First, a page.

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    1. Communism is a fairly complex phenomenon. Do we date it from the Communist Manfesto in 1848 or from the Russian Revolution in 1917? It includes instances of outright totalitarian regimes, the Soviet Union under Stalin or
      China under Mao and also less repressive authoritarian dictatorships such the Soviet Union under Khruschev and Gorbachev or Cuba under the Castro brothers or Yugoslavia under Tito. What’s more, communist parties exist today: I live in Chile where there is a communist party (which is in a direct line of continuity from the pro-Soviet party of the cold war era), which gets around 5 or 6% of the vote and has several deputies in the lower house of congress (we have semi-proportional representation) and has elected mayors in some important municipalities.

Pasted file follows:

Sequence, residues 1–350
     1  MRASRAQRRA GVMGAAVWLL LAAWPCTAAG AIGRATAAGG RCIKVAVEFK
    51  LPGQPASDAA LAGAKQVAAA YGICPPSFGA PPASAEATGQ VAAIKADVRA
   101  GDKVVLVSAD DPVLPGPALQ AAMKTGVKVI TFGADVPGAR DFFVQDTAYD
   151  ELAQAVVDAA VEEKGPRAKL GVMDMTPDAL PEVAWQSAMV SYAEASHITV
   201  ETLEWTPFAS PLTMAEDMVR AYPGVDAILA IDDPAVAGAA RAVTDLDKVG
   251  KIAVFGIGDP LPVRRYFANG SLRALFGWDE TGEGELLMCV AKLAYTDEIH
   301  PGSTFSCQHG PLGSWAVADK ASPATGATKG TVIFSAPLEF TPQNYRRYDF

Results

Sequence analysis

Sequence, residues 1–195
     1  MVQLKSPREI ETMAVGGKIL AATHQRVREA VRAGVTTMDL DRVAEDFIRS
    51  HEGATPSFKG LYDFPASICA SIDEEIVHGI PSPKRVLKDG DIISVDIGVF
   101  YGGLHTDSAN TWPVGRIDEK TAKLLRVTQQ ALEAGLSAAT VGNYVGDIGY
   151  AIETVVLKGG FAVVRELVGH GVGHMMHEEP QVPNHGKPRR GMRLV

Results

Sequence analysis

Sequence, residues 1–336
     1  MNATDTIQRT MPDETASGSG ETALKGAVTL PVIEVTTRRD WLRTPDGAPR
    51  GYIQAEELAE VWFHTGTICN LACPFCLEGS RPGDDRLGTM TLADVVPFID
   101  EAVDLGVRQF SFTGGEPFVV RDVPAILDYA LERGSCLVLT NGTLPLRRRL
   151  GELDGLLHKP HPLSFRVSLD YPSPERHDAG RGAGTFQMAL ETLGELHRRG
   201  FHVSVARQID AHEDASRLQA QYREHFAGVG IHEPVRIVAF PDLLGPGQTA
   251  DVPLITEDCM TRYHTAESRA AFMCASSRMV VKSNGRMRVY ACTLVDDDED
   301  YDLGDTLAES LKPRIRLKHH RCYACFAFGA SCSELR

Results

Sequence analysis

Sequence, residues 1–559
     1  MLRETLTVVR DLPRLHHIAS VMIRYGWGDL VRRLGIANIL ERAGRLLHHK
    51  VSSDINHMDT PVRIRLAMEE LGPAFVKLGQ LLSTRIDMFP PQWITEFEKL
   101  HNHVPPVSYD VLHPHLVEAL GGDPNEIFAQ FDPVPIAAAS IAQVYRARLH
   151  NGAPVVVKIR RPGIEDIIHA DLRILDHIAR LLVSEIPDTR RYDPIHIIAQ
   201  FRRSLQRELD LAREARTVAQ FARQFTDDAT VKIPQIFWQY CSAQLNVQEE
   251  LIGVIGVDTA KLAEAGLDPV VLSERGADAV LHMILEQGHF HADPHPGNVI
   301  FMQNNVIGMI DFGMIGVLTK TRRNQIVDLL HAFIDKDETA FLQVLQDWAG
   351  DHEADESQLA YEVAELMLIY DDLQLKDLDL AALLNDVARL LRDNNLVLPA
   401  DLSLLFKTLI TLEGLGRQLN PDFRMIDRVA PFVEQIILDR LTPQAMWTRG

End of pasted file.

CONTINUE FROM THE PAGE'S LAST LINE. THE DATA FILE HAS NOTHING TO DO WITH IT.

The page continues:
Are all of the above secular religions or only Soviet communism and its Western followers at the time Monnerot wrote the book, in 1949 at the height of the cold war? I might agree that in 1949 Communism was a secular religion, but I don’t see that it always is one.

      I know several Chilean communists (people who are party members) and while their sense of political identity is deeply held and has elements of irrational faith, I don’t see their political participation as more “religious” than that of members of other political parties (who generally also deeply identify with their political commitment).

      You have only to turn to so many political “discussion” in internet to see that for many people, not only Communists, political ideals are a matter of deeply held faith, which they uphold with the intensity of a crusader. So is much of online trans activism a secular religion?